Blog Latitude Reduction

Islands on fire

September 1, 2016

For the elevendieth day in a row, we were motoring up wind. We had 17-20 knots of wind right on the nose, enough wind that our forward progress was diminished to 4 knots, even though we should have had current helping us. I was at the wheel, and I was over it. Our plan was to push on to the Octopus Islands, but that was another 4 hours away and I was concerned at this pace we were going to miss our window to get through some gnarly rapids on the way.

We were motoring right by Teakerne Arm, a long bay capped with a waterfall and wonderful lake for swimming. We were torn – we wanted to make progress and our stop at the Octopus Islands was my very favorite last trip through here, but the wind was wearing on me and a fresh water swim did sound nice. Knowing there was no wrong answer, we flipped a coin and I quickly swerved right to head into Teakerne Arm.

15 minutes up the bay, our VHF came alive. “Coast guard, coast guard, this is [garble garble garble] we are at Teakerne [garble garble] forest fire”. Um, what? They repeated the call and the coast guard picked it up while we listened to the exchange. We had hear right; we were motoring towards a forest fire.



When I write that, it sounds like it maybe wasn’t the smartest thing to do, but in moment, it was still our best option. That 15 minutes of re-route confirmed we’d miss our window to transit Surge Narrows (and with a name like that, you don’t want to be late…), there are not many protected anchorage options nearby, we’re surrounded by water on all sides, plus – wouldn’t you want to go check out a forest fire?!.

We got there just a few minutes before the coast guard boat showed up. There was one other small boat there, a couple with a young kid that had been up at the lake when the fire broke out. We idled in the bay and watched with awe as the hillside exploded in flames, one tree at a time. I’ve never seen anything quite like it.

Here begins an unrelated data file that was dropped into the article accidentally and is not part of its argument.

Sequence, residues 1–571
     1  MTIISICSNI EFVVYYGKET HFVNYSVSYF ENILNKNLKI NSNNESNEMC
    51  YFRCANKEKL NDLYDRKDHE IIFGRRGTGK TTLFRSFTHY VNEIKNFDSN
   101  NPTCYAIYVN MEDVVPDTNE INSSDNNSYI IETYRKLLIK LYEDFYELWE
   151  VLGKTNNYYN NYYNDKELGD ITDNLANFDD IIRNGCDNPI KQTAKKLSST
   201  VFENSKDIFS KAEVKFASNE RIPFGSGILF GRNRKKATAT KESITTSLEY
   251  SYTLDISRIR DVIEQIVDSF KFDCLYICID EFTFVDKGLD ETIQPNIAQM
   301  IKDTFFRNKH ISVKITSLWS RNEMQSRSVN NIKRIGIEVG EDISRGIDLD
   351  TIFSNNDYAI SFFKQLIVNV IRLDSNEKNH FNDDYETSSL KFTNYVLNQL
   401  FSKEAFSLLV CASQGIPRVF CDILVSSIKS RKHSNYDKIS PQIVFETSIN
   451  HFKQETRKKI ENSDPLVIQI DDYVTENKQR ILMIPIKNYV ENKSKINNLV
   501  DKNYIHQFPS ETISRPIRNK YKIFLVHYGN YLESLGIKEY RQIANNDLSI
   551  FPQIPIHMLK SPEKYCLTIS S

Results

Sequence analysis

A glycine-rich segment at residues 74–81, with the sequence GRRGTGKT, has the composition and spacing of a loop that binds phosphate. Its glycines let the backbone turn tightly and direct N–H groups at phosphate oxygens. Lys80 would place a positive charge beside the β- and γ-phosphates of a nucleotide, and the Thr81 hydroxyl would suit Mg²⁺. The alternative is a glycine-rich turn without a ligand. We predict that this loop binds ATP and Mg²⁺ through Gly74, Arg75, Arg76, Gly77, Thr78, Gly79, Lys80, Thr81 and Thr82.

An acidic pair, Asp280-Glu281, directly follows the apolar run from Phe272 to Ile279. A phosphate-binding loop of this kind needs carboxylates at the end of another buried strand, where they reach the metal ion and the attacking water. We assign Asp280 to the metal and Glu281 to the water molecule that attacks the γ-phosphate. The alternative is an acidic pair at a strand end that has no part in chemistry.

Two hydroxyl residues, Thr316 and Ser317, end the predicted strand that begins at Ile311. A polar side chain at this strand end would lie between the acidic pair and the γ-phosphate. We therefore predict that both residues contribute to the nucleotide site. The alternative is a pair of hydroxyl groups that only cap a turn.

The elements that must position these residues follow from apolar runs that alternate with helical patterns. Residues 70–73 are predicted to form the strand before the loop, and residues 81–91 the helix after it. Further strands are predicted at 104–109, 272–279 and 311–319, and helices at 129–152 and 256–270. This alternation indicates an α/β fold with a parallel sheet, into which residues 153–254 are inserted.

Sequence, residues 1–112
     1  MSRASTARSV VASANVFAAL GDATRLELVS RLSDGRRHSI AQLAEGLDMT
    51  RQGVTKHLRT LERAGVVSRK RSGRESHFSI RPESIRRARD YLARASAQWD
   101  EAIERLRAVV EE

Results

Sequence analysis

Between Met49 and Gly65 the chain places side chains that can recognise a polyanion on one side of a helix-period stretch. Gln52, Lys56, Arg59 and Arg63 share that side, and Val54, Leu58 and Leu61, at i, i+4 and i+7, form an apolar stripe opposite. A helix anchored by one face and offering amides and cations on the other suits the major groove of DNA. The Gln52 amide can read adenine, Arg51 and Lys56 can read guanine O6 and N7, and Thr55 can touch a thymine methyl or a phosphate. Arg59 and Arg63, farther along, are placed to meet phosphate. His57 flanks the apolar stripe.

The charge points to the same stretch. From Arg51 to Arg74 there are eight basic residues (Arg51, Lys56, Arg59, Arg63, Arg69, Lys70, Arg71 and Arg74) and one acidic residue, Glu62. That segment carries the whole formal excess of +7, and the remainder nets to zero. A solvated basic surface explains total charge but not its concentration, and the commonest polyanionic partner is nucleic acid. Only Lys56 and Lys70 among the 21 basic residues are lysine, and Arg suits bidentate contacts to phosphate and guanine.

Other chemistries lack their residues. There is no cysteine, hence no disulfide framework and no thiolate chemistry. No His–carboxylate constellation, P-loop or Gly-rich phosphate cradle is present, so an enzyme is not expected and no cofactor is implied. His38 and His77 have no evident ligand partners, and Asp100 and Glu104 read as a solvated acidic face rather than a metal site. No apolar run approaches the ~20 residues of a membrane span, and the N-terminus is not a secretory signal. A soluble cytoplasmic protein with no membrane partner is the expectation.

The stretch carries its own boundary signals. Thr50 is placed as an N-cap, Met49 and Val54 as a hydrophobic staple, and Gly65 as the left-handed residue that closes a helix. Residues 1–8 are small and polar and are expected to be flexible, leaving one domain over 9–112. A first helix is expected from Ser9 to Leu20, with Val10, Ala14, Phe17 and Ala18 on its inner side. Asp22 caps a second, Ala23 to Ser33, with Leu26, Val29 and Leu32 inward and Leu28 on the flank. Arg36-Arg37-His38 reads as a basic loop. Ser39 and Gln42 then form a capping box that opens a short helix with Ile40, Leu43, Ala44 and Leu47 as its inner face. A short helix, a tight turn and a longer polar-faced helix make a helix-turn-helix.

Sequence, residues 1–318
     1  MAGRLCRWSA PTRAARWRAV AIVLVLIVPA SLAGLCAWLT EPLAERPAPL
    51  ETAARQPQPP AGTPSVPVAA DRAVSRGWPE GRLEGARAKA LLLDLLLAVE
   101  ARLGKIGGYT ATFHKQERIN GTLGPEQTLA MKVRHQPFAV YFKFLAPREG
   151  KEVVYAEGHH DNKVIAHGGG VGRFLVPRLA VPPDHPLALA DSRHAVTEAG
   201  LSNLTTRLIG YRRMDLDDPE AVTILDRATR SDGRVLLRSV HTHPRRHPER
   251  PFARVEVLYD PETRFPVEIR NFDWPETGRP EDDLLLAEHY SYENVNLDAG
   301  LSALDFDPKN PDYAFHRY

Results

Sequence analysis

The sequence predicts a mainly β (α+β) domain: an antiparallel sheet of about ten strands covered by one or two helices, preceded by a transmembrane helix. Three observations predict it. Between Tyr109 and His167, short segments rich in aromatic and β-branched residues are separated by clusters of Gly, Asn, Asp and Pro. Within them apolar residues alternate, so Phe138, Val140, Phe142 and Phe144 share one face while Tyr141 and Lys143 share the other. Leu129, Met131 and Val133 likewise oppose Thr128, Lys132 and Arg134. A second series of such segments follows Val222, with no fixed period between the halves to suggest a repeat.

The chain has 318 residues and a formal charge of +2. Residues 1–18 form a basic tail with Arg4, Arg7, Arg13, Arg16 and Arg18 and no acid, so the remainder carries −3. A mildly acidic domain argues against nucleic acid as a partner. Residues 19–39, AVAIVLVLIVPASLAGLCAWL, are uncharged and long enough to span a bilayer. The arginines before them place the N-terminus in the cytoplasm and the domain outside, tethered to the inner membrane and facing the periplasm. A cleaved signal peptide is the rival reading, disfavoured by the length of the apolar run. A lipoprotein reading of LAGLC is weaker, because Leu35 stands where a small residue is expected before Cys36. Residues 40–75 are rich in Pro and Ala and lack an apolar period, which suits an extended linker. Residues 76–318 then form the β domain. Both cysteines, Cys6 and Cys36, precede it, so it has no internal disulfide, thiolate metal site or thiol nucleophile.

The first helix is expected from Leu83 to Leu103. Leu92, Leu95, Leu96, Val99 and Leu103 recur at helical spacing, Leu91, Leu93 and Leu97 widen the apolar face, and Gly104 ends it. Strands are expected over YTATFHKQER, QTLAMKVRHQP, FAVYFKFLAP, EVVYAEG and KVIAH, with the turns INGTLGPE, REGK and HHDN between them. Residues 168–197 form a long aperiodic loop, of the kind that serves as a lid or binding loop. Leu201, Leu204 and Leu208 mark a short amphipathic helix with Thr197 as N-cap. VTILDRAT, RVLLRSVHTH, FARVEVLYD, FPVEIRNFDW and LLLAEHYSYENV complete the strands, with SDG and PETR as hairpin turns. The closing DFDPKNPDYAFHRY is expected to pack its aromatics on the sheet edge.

Soon there was a helicopter, then a small scout plane, then another helicopter, and finally about 45 minutes after we arrived, a big-bellied airtanker plane powered over head, circled the flame, and dropped fire-retardant chemicals at the edge of the fire. He came roaring over us, so low I felt the need to duck, and banked around to line up again. By this time, we had anchored Halcyon (yes, away from the fire), and had jumped in the dinghy to watch with the other boats.

Eventually, the airtanker disappeared and the helicopters took over lifting buckets of water and dumping them over the flames, again and again. Knowing we didn’t want to be anchored here over night, we headed out in time to catch the next tide window at Surge Narrows, about 5 hours after we had arrived. There were still choppers in the air. It’s incredible the effort and expense consumed, and that for a relatively tiny fire.

We don’t know what sparked the flames, but on an island with no structures (much less electricity) and on a day without a cloud in the sky, the only option I can suggest is human-induced. Somebody didn’t listen to Smokey the Bear.

We didn’t get that fresh water rinse, in fact we left smelling vaguely like a campfire, but it was a pretty remarkable event to witness.


September 1, 2016

September 2, 2016

1 Comment
  1. Reply


    September 29, 2016

    Great Blog John and Becca:

    Wondering how the venture along Oregon turned out. Hand steering for hours is overrated! Keep up the great blog and Facebook posts.


John and Becca Guillote

Becca is the writer. She tells vivid stories of authentic moments, highlighting the beautiful, dangerous, dramatic and hilarious with grammatically correct sentences and her tongue held firmly by her cheek.                                                                          
John is the photographer. He portrays the layers of history, emotion, spirit and culture in each moment through his application of light, perspective, and detail. He also takes pictures.

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Our Northwest Passage adventure is on a sailboat named DogBark with Talia (12 y/o) and Savai (9 y/o). They are wonderful writers, and this is their blog. Please follow them too!

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